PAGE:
Make Your Best Highlights
Going beyond the simple question of “what” and instead exploring the “why” will help you understand how to design and brew better beers.
The White IPA functionally updates a classic style in a way that emphasizes the regional particulars of the original beer while incorporating updated ingredients. The result is an “identifiable” style in the best sense of the word: the description has internal logic, and the result is worth emulating and replicating. Style: I suppose White IPA technically is a “Belgian” IPA, but it derives much more from the “witbier” half of “Belgian Witbier.” The characteristics are those of the witbier: a blend of Pilsner malt and unmalted wheat, a spice-and-fruit flavor profile, a lively ester and phenol contribution from the yeast, and a modest level of alcohol. To that, add a hops profile that derives its flavors from American or Australian/ New Zealander hops varieties and increases bitterness substantially. Being an IPA, this is obviously going to be more hops-forward than the traditional Belgian Witbier, but it doesn’t leave it behind. Hops should accentuate, not overshadow, the classic style. Recipe: This recipe wanders into the higher end of the ABV range for the style, but not absurdly so. Pilsner malt and flaked wheat lay down the grainy/wheaty base that we’d expect from a witbier. Melanoidin malt adds more, and a different expression of, “bready” flavor, and acidulated malt creates an impression of lemon/citrus. Starting gravity should be about 1.063. You’ll want some rice hulls for the mash, or you run the risk of sticking.
Hopping is my favorite part of this beer. Part stays as it is in my Belgian wit recipe: enough Pacific Jade (which actually tastes like pepper, coriander, orange, and more that we’re not going to add) to get 20–25 IBUS from an addition with 10 minutes left in the boil, then more at flame-out. To those flame-out hops, we add Amarillo pellets, which will increase the fruity character and make it a bit less Continental and more classically American. The stone-fruit flavors are a great complement to the lime-and-pepper of the Pacific Jade. Finally, returning to the top of the boil, add 25 IBUS from any high-alpha hops variety.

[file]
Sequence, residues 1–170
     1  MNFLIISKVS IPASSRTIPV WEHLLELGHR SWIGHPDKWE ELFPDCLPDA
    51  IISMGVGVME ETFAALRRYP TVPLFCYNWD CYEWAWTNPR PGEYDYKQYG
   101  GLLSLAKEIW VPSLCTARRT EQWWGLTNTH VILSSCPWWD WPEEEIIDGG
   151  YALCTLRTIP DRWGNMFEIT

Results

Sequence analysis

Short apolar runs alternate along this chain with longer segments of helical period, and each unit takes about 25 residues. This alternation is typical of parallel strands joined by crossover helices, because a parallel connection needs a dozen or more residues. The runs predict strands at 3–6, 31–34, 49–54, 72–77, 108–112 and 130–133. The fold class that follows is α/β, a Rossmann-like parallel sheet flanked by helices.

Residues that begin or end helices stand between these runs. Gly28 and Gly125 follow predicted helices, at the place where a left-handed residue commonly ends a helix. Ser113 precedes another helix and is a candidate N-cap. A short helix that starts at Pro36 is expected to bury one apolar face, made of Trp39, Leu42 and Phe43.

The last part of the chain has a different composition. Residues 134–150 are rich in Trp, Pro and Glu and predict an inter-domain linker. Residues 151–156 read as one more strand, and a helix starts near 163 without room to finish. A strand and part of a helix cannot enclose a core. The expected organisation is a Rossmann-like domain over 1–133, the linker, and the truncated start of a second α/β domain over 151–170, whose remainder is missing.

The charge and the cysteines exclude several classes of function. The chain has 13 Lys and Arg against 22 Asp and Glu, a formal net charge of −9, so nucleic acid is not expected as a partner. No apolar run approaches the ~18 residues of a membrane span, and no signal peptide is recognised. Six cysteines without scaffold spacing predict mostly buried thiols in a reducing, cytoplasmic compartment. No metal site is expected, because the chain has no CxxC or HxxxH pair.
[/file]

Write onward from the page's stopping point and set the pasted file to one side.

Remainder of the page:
For yeast, I recommend the more conventional Wyeast 3944 (Belgian Witbier) yeast. I find spice and herb additions unnecessary, given the hops used. You can add them at your own peril: spicing increases the risk of astringency, and especially in an IPA variant, that’s something to avoid. Process: Mash at 152°F (67°C) for 90 minutes for a healthy and complete mash/conversion even in the absence of a protein rest. Boil as usual, and let your hops sit in the whirlpool for 15–20 minutes to extract as much of their oils, aromas, and flavors as possible! Chill, pitch, and ferment this beer at 67°F (19°C) for the first 4–5 days before letting the temperature free rise to about 72°F (22°C). Fermentation should finish up quickly—within 10 days. Package it as early as you can (48 hours after airlock activity falls way off ) and carbonate to 2.25 volumes. A bit of haze is typical in the style, so there’s no need to wait for it to clear.